Crazy life as a musician

Let’s be honest, being a musician full time is a crazy occupation.  For one thing it keeps us on our toes all the time.  There’s hardly a dull moment in our careers since there’s always music to work on, students to teach, and a list of things that haven’t been accomplished yet.  Can you relate?  For me this is exciting stuff, although really exhausting at the same time (my wife can definitely attest to this while also being a relatively new mother and balancing freelance harp gigs).  In just the last few weeks I have begun to realize a few things about about being ‘in the business of music’.  First, music is more about people than it is about music.  On Saturday mornings I teach a basic-level theory class to kids approx. ages 11-14 in the UT String Project and although I’m instructing them about the circle of 5ths, chord inversions, minor scales, etc. I am really teaching them about life.  People make music… the notes on the paper just give us a starting point for performing.

Secondly, music is a way of life for most of us.  Music is self-encompassing and demands every ounce of inspiration, determination, and effort.  Yet, aside from the struggles it can be very rewarding.  The whole concept of working towards a goal and collaborating with others has become second nature to me.  It’s a must in the orchestral setting.  Ever wonder how you can get 80 different people to play different versions of the same thing at the same time for a harmonious result?  I bet you couldn’t get 80 secretaries in an office to type the same letter at the same time and all finish together.  However, on the flip-side to that thought, musicians have to be tremendously independent in order to succeed and do well on their own.  Not to generalize, but I think a lot of musicians that have done well have used entrepreneurial skills, taken risks, and “thought outside the box”.  It’s a strange dichotomy… I know.  But that’s people again!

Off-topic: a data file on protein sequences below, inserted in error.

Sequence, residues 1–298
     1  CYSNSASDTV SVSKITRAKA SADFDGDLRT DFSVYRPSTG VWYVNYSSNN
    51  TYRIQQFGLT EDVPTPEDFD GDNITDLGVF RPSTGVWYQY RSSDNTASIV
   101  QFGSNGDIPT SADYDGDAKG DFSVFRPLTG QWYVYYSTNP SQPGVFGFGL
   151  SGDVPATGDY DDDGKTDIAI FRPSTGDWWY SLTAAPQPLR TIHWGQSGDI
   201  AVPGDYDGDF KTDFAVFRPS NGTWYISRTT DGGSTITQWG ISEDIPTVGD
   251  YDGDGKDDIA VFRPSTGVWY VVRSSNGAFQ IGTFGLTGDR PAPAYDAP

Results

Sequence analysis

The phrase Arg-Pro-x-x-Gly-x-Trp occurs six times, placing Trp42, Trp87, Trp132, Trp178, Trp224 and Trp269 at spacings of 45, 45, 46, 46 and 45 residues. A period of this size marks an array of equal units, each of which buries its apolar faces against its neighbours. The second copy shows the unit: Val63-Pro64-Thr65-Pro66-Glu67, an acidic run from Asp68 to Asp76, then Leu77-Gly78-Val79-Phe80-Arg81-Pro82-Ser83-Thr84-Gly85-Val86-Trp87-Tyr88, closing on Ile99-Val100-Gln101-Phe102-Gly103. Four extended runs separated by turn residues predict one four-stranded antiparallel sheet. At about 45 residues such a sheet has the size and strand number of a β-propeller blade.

Finally, it’s not always about music for me. Sometimes it is way more enjoyable for me to listen to news, talk radio, etc. on the radio during the commute home rather than listen to music.  I find I need to keep myself fresh and the only way to do that is through avoiding listening to music all the time.  Of course having a family changes everything, so it’s pretty near impossible to practice at home whenever I wanted- like I used to!  To conclude, life is very much a fluid thing.  Music in high doses isn’t for everybody, and high doses of anything for that matter isn’t very good so I’m just trying to find the best moments in music and leave it at that!


About tunedin4ths

David Ballam Doctoral Student at the University of Texas at Austin Doublebass Instructor: UT String Project & Round Rock School District BLOG: WEB:
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